The Grammy Awarding winning artists are best known for their early 80s hits “Let It Whip”, “Joystick”, and “Let It All Blow”.
They definitely delivered, with great sound and stage presence. You would think, from the way that they commanded the space, that this was one stop on a massive world tour.
Below are some photos of the Dazz Band performing on stage (click an image for higher resolution versions of each photo):
- Belinda Lipscomb (vocals)
- Melvin Gentry (guitar, vocals)
- Kenneth Gant (bass, vocals)
- Bobby Lovelace (drums)
- Bo Watson (keyboards, vocals)
- Bill Simmons (multi-instrumentalist)
Like the Dazz Band, Midnight Star had origins in the mid-70s, having formed in 1976 in Kentucky, though their debut record did not hit until 1980, and being very prolific, they had three studio albums out by 1982.
Their biggest hits include “No Parking (On The Dance Floor)”, “Freak-A-Zoid”, “Slow Jam”, and “Midas Touch”. While The Brothers Johnson have a more 70s sound that has disco and rock influences, Midnight Star sound decidedly 80s with these hits, with more emphasis on synthesizer/keyboards.
Watching them perform live really makes one appreciate how they are real musicians with the ability to shift to different roles from song to song, with many members putting in awesome vocals.
Also remarkable is how the band is composed of all of those original members, which is quite rare for early 80s bands. They seemed to be having a fantastic time performing on stage and it was unbelievable how well they brought their songs to life for the crowd.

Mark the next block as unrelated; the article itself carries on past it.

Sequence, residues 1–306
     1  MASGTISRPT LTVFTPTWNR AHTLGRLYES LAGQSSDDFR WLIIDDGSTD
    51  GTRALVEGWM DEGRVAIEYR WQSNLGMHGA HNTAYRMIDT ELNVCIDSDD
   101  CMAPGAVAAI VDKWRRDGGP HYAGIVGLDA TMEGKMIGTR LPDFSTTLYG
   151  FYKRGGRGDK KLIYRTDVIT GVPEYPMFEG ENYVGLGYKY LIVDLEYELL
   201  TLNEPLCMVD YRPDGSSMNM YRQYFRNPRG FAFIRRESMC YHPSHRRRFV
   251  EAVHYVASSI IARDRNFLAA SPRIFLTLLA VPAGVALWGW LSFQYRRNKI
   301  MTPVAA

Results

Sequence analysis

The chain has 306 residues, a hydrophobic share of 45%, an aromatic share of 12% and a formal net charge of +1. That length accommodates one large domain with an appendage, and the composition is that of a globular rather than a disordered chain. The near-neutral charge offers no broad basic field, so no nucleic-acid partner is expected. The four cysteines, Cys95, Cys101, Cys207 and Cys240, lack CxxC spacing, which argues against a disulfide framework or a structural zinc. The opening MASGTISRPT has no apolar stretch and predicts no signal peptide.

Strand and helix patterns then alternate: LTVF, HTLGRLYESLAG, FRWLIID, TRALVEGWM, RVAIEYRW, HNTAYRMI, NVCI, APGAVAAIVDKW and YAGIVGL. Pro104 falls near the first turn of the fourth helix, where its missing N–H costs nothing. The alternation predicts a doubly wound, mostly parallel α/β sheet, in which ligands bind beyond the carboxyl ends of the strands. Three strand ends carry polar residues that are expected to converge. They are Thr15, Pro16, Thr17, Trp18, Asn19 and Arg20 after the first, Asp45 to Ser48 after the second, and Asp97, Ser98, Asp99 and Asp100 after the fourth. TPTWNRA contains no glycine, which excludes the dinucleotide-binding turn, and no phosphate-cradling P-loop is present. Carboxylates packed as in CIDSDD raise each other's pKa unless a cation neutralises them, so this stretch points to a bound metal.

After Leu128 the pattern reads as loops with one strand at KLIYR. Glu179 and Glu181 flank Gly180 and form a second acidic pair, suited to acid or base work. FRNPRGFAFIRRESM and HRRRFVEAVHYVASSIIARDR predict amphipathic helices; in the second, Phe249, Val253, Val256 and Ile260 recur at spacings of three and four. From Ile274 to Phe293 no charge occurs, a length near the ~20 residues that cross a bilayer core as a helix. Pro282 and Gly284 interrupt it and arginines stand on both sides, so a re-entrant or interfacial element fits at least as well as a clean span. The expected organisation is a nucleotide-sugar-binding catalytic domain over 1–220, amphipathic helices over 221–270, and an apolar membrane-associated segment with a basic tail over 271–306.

Below are some photos of Midnight Star performing on stage (click an image for higher resolution versions of each photo):
The Brothers Johnson
- George “Lightnin’ Licks” Johnson (guitar, vocals)
- Louis E. “Thunder Thumbs” Johnson (bass, vocals)
The Brothers Johnson formed as Johnson Three Plus One (brother Tommy and their cousin Alex Weir originally played with them) in the mid-70s, and they collaborated with legends like Quincy Jones and Bobby Womack. Hit song “Get the Funk Out Ma Face” was actually co-written by Quincy Jones.
Other hits include “I’ll Be Good to You”, “Ain’t We Funkin’ Now”, “Stomp!”, and “Strawberry Letter 23” (the latter of which I will always associate with Quentin Tarantino’s Jackie Brown, since it was part of the soundtrack and helped set the mood for that film.
The two brothers split up in 1982 and went on to do some solo work, with Louis playing bass on Michael Jackson’s epic, Thriller.
They did reunite in 2002 and tour, but playing together on stage has been a very rare occurrence, which made last night’s show all the more amazing.
Given that, you would never know from their performance playing together, as it was nothing short of phenomenal. I definitely felt like it was certainly a very special concert going experience, as they played through their hits and even did a stunning version of The Star Spangled Banner, which had I think everyone out of their seats, and closed things out with “Stomp!”.
I had an opportunity to get Louis Johnson’s set list off the stage, which is shown below:
Below are some photos of The Brothers Johnson performing on stage (click an image for higher resolution versions of each photo):